10 Tips to help you create the best GIF emails

Just like the popular saying “a rolling stone gathers no moss” states, it is important to keep moving. As soon as you stop, you run the risk of stagnation. The same is applicable in the case of your email marketing campaigns. If you keep your subscribers in a monotonous routine, your subscribers are soon going to face stagnation and that might lead to dormancy, unsubscribes, or even being marked as SPAM. In case you are wondering how to break the monotony, the answer lies in innovation. Innovation doesn’t always mean going back to the drawing board and reworking your email campaigns from scratch. It can be as simple as making minor corrections to the different elements in your email templates such as copy, design, or images.

In this article, we shall explore different tips to keep in mind while using GIFs in your emails in order to make sure you are creating the best GIF emails.

Tip #1: Knowing when to use a GIF

A picture speaks a thousand words and a GIF can do so tenfold when used correctly. However, placing a GIF just for the sake of it would never help you get the most of it. The following are some of the instances where using GIFs in emails can help you make your emails awesome:

To give your brand a personality

It is important to impart a personality to your emails in order to make your subscribers feel that the emails are coming from an actual human associated with the brand and not email automation. This means there needs to be consistency between the different elements in your emails such as email tone, typography, images used, call to action styling, colors, etc. If your brand has a mascot or character, then an animated GIF of the mascot will convey a jolly personality in your subscribers’ mind and they shall automatically associate it with your brand’s personality. Using memes in your emails gives the impression that your brand has a casual and fun personality. This will be discussed in detail in tip#7 but you get the gist, right?

Headspace constantly uses blob characters meditating in different scenarios to match the message in their emails and sometimes uses an animated GIF as the hero image in their emails. It communicates that the brand is fun, casual, and is into meditation. The following email template sample is one of their promotional emails that makes the best use of animated GIFs to give the brand a personality.

(Source: ReallyGoodEmails)

To demonstrate a product

A photo of your product can give a clear idea to your subscriber and while it may communicate a lot compared to a paragraph of text explaining it, sometimes the subscriber is stuck in the 2D plane when it comes to visualizing the product. Since GIFs are multiple images stitched together to be displayed one at a time in a short duration, it can be used to demonstrate a product in a much more detailed way.

In the example below by Burberry, a static photo of their new shoe design could have given enough information but they went ahead and placed an animated GIF that gives a 360O view. This greatly enhances the user experience and this move can make the subscribers more prone to click the call to action button.

(Source: ReallyGoodEmails)

As a placeholder for video

This is an age of videos as more and more people are creating as well as watching decades worth of videos within a single day. Unfortunately, the support for playing embedded videos in emails is restricted to a handful of email clients and you need to include fallback options for the email clients that don’t support it. Animated GIFs are a great placeholder for the video as a short snippet can be played in a loop using the GIF and it will give an illusion that the video is playing.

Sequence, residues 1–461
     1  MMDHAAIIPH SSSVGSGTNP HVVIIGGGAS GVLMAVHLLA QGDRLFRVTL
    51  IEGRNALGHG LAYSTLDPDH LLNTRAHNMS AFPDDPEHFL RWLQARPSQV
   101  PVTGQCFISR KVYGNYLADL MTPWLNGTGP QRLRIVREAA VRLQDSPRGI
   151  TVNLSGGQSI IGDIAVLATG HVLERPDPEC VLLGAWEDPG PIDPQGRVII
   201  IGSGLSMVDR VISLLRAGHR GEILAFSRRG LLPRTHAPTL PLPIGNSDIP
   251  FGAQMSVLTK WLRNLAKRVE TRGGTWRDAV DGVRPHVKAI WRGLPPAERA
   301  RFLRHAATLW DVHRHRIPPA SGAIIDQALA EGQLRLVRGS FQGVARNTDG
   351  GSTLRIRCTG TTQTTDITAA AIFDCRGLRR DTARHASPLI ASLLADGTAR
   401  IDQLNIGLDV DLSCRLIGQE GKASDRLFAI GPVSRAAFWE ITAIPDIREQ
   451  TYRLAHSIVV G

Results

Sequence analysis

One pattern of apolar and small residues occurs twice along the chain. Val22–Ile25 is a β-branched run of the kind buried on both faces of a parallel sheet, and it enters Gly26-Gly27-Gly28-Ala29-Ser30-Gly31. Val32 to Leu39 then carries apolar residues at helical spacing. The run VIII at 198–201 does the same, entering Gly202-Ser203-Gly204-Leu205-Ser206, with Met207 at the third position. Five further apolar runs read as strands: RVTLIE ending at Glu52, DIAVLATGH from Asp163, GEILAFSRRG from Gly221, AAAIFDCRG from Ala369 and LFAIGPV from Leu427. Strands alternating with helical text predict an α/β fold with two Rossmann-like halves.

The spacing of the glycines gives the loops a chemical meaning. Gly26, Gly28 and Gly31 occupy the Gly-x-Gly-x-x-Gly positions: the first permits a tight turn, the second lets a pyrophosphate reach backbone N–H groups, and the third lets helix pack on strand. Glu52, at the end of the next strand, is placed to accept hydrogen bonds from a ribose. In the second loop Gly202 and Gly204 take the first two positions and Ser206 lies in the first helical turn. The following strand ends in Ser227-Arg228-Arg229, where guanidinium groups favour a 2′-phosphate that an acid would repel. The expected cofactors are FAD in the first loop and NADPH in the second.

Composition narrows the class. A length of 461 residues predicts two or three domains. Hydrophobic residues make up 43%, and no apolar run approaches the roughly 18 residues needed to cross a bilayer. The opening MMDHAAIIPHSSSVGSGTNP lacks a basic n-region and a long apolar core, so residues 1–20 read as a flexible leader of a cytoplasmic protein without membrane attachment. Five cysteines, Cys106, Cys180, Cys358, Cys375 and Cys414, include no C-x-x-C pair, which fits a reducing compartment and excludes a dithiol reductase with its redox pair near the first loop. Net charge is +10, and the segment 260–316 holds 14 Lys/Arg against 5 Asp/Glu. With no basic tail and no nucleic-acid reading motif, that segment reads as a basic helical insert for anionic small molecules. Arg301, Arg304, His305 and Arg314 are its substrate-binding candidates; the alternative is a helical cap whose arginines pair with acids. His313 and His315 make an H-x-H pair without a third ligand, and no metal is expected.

Check out the example below by Ubisoft. They wanted to announce the next installment in the Assassin’s Creed and they placed an animated GIF that played a short snippet of the trailer clip. Those interested to know more could click on the GIF to be redirected to the actual video.

(Source: ReallyGoodEmails)

There are many other instances where an animated GIF can be really helpful but we leave it for you to explore. You can share any good email template examples in the comments below.

Tip #2: Use the right tool

There are a plethora of online GIF libraries as well as tools that can help you with creating custom GIFs. The question remains what tool would be better suited to your GIF needs. GIF sources can be divided into 3 categories:

Online GIF library

A simple Google search can give access to millions of GIFs and an additional filter can help you find those that are licensed to be re-used without any permissions. Similarly, online libraries exist such as GIPHY and Tenor, where you can browse GIFs and get the embed link for the same. The downside is that you cannot use their copyrighted content for any commercial purposes such as paid ads, email promotions. For non-promotional emails such as email newsletters, GIFs from the online library can be used but it is safe to read the sharing rights of the GIF before using.

Online GIF creator

In addition to providing a GIF library, GIPHY also allows you to create animated GIFs using their proprietary GIF Maker tool. All you need to do is upload photos or videos and then edit, decorate, and download the GIF. GIPHY’s usage rights are applicable here also, so be careful.

Also, the GIFs you create become the intellectual property of GIPHY and can be made public for others to use. Other tools that help you create animated GIFs quickly are LICECap, Gifox, GIPHY Capture, and ScreenToGif.

Manually create in Photoshop

The most effective way to create a GIF is by using Adobe Photoshop. You can create frame animations, video animations, or even extract frames from an existing video to create an animated GIF. While you may need some knowledge to use Photoshop, you have the freedom to create animated GIFs that are unique to your brand. You can also hire a dedicated designer if you need to constantly create animated GIFs.